One of the old arguments I used to have with my girlfriend was about whether following sports was somehow better than following celebrities, or being a hardcore movie buff, or whatever. It wasn't contentious or anything like that, just something that became a discussion. In defense of sports, which actually most of the time I find to be quite boring and even annoying, I trotted out the standard line that the games, unlike a television show, aren't scripted, which always brings us back. In this case, I consider that to be a cliche that happens to be true. And it's hard to find a more random game, at the microlevel, than baseball.
We got a taste of that yesterday.
Opening Days are funny because you really can't help but over-analyze them. If your team has a great Opening Day, then goes onto have a winning season, it remains this shining moment in your mind, when the tone was set, or a new attitude established, or a message delivered, or whatever. If you lose 13-2, then go on to lose 90 games, the same happens in reverse. Most of the time however, try as we might, there really is no message, no precedent, no keys to anything revealed. As analysts and fans, it's almost impossible to resist this temptation. Thus, hours after yesterday's game ended, a story like this was posted. Our beloved Posnanski essentially commits this crime every year, and today it was no different, they won Hillman's way, just like in 2006, they showed they were Buddy-fied, and no messin' around, and competent. Not that many of us are immune, last year, after the Royals Opening Day victory over the Red Sox, some random blogger suggested the Royals might be en route to a surprise season, and that the Red Sox had problems. In a way, that happened, at least the Royals part, but the surprisingly good play wouldn't manifest itself for another three months. In between, the Royals were unbelievably terrible.
Still, even if it was only one game, it was a good game, and that, finally, is the point of all this (waves arms around the expansive Royals Review World Headquarters), isn't it? Even if it was only 1/162nd of the season, the Royals got an early jump on playing spoiler, and posted an exciting, come from behind win. Good stuff.
Things I Liked:
- Alex Gordon hit a home run, off an elite pitcher. We don't know if he'll struggle again early. We don't know if this signals anything. Nevertheless, a no doubt homer in a tough park off Verlander is a platonic good.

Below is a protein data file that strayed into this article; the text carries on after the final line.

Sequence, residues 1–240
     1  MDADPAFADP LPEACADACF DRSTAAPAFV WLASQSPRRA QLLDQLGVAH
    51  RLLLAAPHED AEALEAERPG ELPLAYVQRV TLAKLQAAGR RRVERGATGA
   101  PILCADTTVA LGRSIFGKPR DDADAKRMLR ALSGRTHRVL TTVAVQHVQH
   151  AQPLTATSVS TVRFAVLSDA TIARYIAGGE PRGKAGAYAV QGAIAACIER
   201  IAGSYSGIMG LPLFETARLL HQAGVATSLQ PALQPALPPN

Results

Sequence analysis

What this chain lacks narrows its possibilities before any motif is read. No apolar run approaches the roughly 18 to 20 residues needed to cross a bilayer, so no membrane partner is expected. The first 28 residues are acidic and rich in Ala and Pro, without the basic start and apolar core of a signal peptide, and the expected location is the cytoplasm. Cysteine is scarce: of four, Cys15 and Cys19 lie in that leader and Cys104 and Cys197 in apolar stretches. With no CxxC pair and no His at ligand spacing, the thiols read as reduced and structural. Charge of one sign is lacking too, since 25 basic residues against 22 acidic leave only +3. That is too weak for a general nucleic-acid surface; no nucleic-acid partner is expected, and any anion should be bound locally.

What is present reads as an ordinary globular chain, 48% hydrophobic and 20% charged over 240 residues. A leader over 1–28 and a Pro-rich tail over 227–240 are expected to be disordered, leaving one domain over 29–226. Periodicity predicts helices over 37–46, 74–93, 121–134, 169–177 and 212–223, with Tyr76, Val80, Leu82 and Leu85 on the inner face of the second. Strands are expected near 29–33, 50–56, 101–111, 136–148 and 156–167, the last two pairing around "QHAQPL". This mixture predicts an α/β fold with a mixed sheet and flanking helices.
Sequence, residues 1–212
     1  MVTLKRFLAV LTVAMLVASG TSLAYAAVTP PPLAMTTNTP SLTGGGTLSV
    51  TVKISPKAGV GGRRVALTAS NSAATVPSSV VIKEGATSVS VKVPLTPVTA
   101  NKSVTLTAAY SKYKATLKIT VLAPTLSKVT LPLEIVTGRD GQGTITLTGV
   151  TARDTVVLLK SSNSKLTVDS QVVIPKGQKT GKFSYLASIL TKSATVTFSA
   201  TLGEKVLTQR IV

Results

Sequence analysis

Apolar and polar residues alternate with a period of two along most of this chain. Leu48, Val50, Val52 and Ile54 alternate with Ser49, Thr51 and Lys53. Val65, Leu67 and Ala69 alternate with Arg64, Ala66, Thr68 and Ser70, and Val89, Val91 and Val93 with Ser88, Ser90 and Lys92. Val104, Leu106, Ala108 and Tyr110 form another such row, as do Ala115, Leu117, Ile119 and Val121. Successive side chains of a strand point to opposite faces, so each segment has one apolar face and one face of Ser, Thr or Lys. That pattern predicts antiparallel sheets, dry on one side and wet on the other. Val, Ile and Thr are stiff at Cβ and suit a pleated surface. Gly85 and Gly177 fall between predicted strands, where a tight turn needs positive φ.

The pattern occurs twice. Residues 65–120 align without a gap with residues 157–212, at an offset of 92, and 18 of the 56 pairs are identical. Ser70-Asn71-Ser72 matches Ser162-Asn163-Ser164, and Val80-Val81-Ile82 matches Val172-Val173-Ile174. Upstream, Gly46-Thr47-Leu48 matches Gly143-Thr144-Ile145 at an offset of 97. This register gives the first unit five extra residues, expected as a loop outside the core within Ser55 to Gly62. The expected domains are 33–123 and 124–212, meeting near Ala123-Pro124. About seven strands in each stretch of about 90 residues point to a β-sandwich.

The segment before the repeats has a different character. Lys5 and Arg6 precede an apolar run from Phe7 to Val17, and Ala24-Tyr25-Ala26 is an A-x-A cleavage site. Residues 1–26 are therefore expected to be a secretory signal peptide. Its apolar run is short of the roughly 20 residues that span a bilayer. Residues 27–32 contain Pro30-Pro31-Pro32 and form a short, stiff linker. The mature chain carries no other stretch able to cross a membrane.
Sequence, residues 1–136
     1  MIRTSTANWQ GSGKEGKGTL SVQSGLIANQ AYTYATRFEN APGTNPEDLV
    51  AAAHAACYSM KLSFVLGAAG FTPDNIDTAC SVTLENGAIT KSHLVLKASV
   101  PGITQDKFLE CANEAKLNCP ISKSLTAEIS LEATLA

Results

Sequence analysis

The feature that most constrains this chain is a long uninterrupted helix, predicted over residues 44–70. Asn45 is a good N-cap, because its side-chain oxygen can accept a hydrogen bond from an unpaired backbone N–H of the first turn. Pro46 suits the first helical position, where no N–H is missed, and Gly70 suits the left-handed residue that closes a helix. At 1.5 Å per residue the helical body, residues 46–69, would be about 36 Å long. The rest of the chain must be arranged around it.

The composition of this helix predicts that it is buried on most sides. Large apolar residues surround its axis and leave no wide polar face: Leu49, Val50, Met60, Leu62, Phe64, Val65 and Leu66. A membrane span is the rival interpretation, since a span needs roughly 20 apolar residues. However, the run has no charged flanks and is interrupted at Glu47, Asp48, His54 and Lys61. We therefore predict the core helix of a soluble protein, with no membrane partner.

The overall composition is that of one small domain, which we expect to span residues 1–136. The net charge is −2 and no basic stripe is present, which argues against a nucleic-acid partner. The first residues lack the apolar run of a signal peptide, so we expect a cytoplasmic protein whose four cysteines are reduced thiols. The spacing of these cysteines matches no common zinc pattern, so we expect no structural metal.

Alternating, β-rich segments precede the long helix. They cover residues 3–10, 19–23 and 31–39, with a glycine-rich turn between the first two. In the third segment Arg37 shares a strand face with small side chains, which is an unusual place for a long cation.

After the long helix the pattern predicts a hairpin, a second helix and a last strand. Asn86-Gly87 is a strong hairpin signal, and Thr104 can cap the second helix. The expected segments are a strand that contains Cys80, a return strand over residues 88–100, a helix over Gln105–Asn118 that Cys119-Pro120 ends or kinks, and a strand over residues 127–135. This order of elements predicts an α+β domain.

- Grudzielanek got on-base five times, stole a base, drove in a run, and setup the winning score in the 10th. Just when I start to sour on Grudz, he has a game like today's.
- I still haven't learned to love it, but Gil Meche was Gil Meche, laboring through six innings, with men constantly on-base. He wasn't efficient, but somehow only allowed three runs to a good Tigers lineup. Banny gets all the attention for being hit lucky, but in a different way, thats precisely Meche's issue. He gives up hits. Deal with it. I'm loath to make a moral or emotional judgment about a physical performance, but perhaps you can say it was a gritty performance and he gutted it out without his best stuff. Or, he made pitches when he had to. Or, the Tigers missed chances. Or, we just don't know. Anyway, Meche endured, ate innings, and avoided disaster.
- Who expected Brett Tomko as the first man out of the bullpen? I vaguely remember seeing something about him maybe missing his first start, and thus, available as a reliever, but I assumed it would be as a mop-up or 12th inning guy. Nope, he faced Sheffield/Mags/Cabrera with the Royals clinging to a 4-3 lead. Umm, Ok. Wouldn't have been my first choice, but it worked. Hillman then sent him out again for the 8th, another definite, "ok?" moment, and it wasn't half bad. He allowed a homer to a good hitter, which sucked, but also, has been known to happen. Essentially, I hated the actual decision, but liked Hillman's semi-randomness, err, flexibility, in making it.
- We may need to come up with some nickname for Nunez & Soria. I couldn't watch the game, but Leo's numbers look good, and multiple commenters mentioned his "stuff" looking fly, or cool, or good or something. Soria, was Soria, of course. And combined they went three innings, struck out four, and allowed a walk and a double. With fervent hope, we can look forward to a very nice bullpen this year. Based not on those three innings, of course, but on what we already know. Well... hopefully.
Things I Didn't Like:
Hackfest continued, especially early. The Royals seemed to be swinging early a lot, and only drew three walks in twelve innings. Non-Teahen players only managed one. Overall, the Tigers threw 173 pitches yesterday, but 38 of those were Bautista's in the 12th.
- Being merely an informed outsider, it's hard to make sense of the situation with DeJesus, who left early due to tightness or soreness or whathaveyou. Maybe he absolutely begged to play against the Brewers on Saturday. Maybe he promised a sick boy he'd hit a homer for him. Maybe it was fine then, but wasn't later. That happens. Who knows. The easy thing to say was that the Royals botched the situation. As of last night, we seem to be in a wait and see holding pattern.
- The Royals won, gloriously won, on a bloop single in the 12th inning off of Detroit's fifth or sixth best reliever. The offense wasn't a display of the beauty of small-ball so much as a display of not many good hitters. I think Pena got two at bats too many yesterday, and somehow German ended up playing the bottom of the 12th in the field. Those were mistakes, so keep that in mind when you have JoePo's pixie dust sprinkled on you.
It was a nice win, and there is no shame in enjoying it. To make too much of it, however, would be like defining true love by watching thirty minutes of Grey's Anatomy or by thinking that Tom and Katie say something profound about something. They don't, and neither did yesterday.